Mexico Is Getting Eight New Cryptocurrency Exchanges

Fintech firm Amero-Isatek will offer cash-to-crypto exchanges in eight Mexican states

AccessTimeIconJun 3, 2019 at 7:30 p.m. UTC
Updated Sep 13, 2021 at 9:16 a.m. UTC
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Amero-Isatek will open its first physical cryptocurrency exchange in Nuevo León, Monterrey, on June 21, part of a plan to expand into another seven locations across Mexico.

The company estimates that it will serve over 800,000 cryptocurrency users in central Mexico. Users of the exchange will trade in Amero, Amero-Isatek's own crypto asset, which is scheduled to launch on the day of the Nuevo León opening.

The firm already made headlines earlier this year for participating in what it called the world's biggest cryptocurrency real estate exchange. In this exchange, the company acquired 1,400 hectares in Baja California for $2.8 million paid in Amero.

According to Alfonso Jiménez, CEO of Amero-Isatek, there’s already an exchange in Monterrey, called GTM, but it doesn’t qualify as a cryptocurrency service.

“Today there are no physical exchanges in Mexico and we are going to open them,” he said.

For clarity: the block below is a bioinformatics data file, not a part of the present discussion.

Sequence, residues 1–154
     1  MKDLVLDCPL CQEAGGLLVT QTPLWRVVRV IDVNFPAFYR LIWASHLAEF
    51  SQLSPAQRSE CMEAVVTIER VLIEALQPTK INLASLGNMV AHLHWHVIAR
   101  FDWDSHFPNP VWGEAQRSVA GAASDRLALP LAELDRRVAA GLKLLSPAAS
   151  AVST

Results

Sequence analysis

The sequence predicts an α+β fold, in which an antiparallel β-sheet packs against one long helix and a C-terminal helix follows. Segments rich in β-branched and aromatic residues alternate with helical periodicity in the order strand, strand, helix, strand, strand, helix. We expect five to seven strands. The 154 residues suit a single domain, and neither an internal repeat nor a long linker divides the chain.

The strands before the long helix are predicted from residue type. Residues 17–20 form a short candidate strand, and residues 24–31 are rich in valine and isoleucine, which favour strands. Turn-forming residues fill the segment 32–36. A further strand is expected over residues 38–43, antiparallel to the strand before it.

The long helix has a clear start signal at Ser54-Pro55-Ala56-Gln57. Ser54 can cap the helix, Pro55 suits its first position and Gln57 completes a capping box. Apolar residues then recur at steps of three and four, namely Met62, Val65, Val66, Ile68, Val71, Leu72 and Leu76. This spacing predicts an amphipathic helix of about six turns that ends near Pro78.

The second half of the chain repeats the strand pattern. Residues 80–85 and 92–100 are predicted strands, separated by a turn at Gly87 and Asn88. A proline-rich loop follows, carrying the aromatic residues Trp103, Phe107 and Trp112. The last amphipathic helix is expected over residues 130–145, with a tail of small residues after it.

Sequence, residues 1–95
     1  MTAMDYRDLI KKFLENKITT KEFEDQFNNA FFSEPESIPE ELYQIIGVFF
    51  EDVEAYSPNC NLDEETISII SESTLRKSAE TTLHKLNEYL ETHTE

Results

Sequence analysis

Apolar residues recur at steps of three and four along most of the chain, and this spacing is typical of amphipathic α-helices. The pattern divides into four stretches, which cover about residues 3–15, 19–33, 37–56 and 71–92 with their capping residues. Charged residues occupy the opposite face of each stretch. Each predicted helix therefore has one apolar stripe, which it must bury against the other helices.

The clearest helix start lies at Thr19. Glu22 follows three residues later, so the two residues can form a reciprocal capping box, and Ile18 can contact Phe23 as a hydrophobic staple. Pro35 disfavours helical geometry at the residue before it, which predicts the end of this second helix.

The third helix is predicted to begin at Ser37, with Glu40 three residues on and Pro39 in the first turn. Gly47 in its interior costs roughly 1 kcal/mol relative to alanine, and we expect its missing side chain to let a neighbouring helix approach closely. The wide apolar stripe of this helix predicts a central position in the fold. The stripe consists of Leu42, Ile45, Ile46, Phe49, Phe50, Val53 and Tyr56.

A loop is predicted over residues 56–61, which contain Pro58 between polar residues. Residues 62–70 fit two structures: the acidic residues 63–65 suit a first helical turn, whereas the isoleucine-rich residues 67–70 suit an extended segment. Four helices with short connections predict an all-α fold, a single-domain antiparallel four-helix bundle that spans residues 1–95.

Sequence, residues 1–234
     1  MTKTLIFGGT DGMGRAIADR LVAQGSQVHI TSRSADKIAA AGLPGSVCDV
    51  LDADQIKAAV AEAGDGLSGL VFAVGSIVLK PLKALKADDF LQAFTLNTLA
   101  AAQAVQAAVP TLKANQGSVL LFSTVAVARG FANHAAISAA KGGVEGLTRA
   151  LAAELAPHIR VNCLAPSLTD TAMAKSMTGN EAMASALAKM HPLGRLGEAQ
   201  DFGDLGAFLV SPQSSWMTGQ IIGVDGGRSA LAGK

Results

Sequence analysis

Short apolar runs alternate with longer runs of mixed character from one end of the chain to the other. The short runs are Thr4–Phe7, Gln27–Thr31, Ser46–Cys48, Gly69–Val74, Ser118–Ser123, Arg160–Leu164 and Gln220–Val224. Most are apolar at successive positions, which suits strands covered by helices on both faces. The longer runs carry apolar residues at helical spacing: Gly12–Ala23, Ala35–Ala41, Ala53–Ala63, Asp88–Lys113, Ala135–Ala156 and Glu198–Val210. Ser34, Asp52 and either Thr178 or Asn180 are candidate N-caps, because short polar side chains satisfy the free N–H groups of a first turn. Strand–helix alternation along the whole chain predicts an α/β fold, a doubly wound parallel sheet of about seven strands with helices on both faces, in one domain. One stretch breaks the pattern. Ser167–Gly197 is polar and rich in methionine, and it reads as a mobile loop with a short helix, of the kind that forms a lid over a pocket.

Besides Monterrey, Amero will offer services in seven other Mexican states: Queretáro, Sinaloa, Quintana Roo, Jalisco, South Lower California, and Yucatán.

Legal Wager

The launch of physical exchanges circumnavigates Mexico's nascent fintech laws, which state that new establishments can operate in physical locations under a “sandbox” regulatory scheme.

Jimenez said in an interview that the company hopes to be able to comply with Bank of Mexico (Banxico) and international regulations. The company will also acquire two licensed Estonian crypto exchanges, Invest Global and Global XVC, to carry out financial operations.

“Whatever it happens with the Fintech Law in Mexico, under Banxico’s dispositions, we’ll be able to operate legally worldwide with a financial base from Estonia,” Jiménez said.

While the firm describes itself as a Fintech enterprise with an ecological bent, according to its CEO this definition will evolve depending on Mexican laws.

“If the fintech law turns out to be friendly in Mexico as well, we’ll be registered as a fintech with financial operations,” he said.

Fintech laws in Mexico have had a tumultuous past in regard to cryptocurrencies. Nonetheless, blockchain technology is opening a path for new financial technologies in the country and the Mexican government - and companies like Amero-Isatek - are definitely paying attention.

Image via ShutterStock


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